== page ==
- Identify where you need harvesters - I became very aware of this over the summer when I felt I was drowning under a workload too that I could not cope with. We asked ourselves the question what do we want to accomplish in the next year and who do we need to help us accomplish it? Jesus rarely worked alone. He was constantly together with his disciples - his harvesters in a field of plenty
- Be specific when you ask for help - once we had asked ourselves who we needed we developed job descriptions for internship positions and even established a new staff position for a garden manager.
- Get the word out - getting the word out about our needs is always challenging but I suggest starting with friends, community members, and neighbours. Those that are closest to us will usually respond the fastest and the most enthusiastically.
- Share the harvesters and the harvest. A couple of years ago I went raspberry picking with some friends. At the end of the day, we talked about what we had learned. One person mentioned that she found it very hard to leave ripe fruit on the vines and felt she had not done an adequate job unless she had harvested every berry. Then she remembered that she was not the only harvester in the raspberry field that day and it suddenly occurred to her that she needed to leave some of the harvest for those who would come behind her. How often do we feel overwhelmed by the abundance around us because we think it is just for us? Remember you are not the only one called to preach or heal or set people free. Pick only what you can carry, only what you can reasonably consume, only what will not go bad because you have tried to gather too much.
- Pray - As Jesus reminds us we will never see harvesters without prayer. And that again has been my experience this week. Almost before we asked God had prepared an answer and I already have a new assistant to help me in the office.
- Check in: I began with a relaxation exercise like roll breathing that brings to my awareness how I am feeling, from sensations of delight to discomfort, connecting body, breath and heart in the here and now. I found an excellent example recently of a check in breathing exercise in the newsletter of www.abbeyofthearts.com by Christine Valters Painter, who is an expressive arts therapist and writer. In my breathing exercises, I acknowledge my Maker as the giver of life and breath; as the One in whom I live and move and have my being; the Lover of my Soul.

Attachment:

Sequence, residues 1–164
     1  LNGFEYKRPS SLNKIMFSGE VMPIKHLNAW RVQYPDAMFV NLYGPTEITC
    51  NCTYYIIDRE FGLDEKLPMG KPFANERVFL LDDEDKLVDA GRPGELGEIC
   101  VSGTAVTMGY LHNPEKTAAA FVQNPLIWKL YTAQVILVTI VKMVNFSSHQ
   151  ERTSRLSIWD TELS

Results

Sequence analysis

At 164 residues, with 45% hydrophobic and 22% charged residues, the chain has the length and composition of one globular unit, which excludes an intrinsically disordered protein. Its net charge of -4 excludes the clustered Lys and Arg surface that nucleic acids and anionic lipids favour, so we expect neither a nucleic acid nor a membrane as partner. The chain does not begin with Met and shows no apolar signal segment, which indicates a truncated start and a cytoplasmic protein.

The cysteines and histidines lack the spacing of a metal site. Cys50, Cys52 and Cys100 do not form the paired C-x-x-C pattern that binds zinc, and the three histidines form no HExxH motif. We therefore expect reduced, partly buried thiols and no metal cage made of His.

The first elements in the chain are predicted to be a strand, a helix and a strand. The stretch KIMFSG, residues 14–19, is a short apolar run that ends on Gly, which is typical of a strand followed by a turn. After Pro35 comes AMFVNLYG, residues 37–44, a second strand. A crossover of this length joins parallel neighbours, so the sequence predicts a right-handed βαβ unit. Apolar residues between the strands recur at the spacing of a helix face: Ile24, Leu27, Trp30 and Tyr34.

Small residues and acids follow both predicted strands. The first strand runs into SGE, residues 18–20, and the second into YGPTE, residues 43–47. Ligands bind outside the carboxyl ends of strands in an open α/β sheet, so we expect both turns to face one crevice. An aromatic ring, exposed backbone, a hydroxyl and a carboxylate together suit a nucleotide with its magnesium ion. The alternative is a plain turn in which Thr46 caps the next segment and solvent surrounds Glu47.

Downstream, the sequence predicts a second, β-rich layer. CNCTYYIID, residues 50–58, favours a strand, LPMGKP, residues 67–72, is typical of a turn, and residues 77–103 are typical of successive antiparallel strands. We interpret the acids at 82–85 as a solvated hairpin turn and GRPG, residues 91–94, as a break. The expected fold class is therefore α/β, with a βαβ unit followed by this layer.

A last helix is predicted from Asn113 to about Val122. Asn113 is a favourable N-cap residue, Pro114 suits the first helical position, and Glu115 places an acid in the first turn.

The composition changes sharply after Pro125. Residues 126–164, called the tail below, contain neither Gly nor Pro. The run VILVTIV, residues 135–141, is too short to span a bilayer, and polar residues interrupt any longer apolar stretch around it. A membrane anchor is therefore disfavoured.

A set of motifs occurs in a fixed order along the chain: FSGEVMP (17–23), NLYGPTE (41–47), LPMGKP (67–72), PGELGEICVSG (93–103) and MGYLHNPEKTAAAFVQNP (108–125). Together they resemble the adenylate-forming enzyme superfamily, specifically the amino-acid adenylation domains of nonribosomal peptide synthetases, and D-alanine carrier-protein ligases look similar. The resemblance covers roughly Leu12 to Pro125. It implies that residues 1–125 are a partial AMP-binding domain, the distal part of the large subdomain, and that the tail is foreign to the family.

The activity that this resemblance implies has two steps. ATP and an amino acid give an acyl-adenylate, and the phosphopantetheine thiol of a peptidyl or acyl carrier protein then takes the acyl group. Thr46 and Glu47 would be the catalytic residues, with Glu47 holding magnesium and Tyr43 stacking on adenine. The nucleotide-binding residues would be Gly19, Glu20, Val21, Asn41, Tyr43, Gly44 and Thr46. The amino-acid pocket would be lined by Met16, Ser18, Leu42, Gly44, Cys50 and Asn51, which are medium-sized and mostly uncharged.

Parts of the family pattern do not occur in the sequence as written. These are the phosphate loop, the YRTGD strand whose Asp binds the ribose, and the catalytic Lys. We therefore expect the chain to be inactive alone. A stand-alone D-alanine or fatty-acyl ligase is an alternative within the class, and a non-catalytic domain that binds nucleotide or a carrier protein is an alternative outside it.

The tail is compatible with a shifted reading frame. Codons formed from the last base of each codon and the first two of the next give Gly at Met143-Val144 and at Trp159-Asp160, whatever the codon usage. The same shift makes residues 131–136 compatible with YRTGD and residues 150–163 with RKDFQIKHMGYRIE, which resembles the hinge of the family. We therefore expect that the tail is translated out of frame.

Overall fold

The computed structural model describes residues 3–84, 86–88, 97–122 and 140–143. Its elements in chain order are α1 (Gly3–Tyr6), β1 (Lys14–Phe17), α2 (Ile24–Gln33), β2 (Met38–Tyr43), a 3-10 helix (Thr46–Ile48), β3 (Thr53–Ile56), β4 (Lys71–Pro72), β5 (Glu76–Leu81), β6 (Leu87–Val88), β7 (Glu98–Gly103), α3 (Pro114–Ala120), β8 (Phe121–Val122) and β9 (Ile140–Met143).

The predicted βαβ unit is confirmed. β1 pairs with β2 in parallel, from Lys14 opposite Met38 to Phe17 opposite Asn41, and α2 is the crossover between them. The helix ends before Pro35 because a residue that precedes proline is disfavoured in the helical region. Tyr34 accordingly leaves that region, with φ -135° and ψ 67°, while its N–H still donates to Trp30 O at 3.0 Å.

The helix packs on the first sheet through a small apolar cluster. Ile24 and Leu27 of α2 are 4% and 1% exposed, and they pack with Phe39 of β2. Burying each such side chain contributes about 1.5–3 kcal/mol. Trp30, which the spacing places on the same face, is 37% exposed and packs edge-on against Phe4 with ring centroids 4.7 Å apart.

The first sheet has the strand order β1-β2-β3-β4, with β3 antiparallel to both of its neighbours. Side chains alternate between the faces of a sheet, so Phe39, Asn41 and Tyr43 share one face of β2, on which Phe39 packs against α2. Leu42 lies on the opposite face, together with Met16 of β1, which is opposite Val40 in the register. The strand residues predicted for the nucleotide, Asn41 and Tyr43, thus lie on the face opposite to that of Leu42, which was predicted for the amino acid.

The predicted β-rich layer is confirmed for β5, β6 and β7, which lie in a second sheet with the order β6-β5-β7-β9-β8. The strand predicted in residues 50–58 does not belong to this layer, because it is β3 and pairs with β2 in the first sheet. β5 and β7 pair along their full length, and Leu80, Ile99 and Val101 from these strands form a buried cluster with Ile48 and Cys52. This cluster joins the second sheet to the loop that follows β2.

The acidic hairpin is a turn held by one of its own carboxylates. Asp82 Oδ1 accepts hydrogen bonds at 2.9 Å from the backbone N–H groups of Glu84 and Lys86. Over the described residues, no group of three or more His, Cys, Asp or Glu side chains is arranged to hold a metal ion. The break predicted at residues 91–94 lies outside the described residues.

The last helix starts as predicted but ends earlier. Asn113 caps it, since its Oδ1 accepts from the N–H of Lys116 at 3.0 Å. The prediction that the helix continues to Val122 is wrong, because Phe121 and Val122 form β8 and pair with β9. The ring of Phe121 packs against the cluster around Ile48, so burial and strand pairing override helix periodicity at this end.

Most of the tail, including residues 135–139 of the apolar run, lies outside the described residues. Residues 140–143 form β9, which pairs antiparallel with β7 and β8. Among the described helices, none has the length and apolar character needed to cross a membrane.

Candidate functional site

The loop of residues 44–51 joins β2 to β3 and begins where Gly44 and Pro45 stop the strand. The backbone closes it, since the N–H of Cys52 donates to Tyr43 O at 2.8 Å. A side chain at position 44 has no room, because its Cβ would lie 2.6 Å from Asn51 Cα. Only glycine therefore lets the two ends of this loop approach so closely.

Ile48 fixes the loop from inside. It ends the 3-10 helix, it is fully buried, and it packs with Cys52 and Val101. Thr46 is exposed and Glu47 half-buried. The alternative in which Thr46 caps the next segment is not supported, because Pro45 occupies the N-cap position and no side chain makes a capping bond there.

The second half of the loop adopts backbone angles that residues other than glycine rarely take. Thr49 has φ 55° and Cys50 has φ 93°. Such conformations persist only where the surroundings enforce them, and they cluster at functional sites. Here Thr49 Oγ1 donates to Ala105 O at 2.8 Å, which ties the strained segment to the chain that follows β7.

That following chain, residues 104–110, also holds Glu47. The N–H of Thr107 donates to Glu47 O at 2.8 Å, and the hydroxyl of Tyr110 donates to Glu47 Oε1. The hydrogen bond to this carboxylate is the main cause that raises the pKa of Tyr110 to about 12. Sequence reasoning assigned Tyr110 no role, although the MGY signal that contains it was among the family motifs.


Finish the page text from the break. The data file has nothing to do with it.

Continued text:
- Awareness and attending: as I became aware of what I was feeling in my body, I followed through with some simple movement that gave expression to what I sensed. For me it was shake like a dog. By the way, this is a natural, healthy response to trauma and a great way to follow through on letting go of challenging events in one’s life.
- Openness to the moment: I had pencils, paper and oil pastels on hand for further expression. I chose to doodle with my non-dominant hand because I find this activity invites openness and engages right brain contemplation. I trusted in the creative process (and the Creator of that process) to take me where I needed to go.
- Dialogue with the image: as the daffodil in hand emerged, I asked the image who are you, what do you need, want, wish, where do you want to go?
- Move it further: an invitation to take what I had drawn back into my body through movement as prayer.
- Reflection: I journaled whatever it was that came to mind and heart. As you can see, I wrote about how I perceived that I was emerging into this world as an embodied prayer, beloved beginner emerging from under a wintry world of late spring.
May all of us remember with love and compassion this day. May we grieve with those who still mourn, And share memories with those who cannot forget. May we draw strength from those who bravely responded, And gave their lives to save others. May we stand with strangers who became neighbours that day, And remember their generosity and hospitality. Above all God may we remember your faithfulness And learn to trust in your unfailing love
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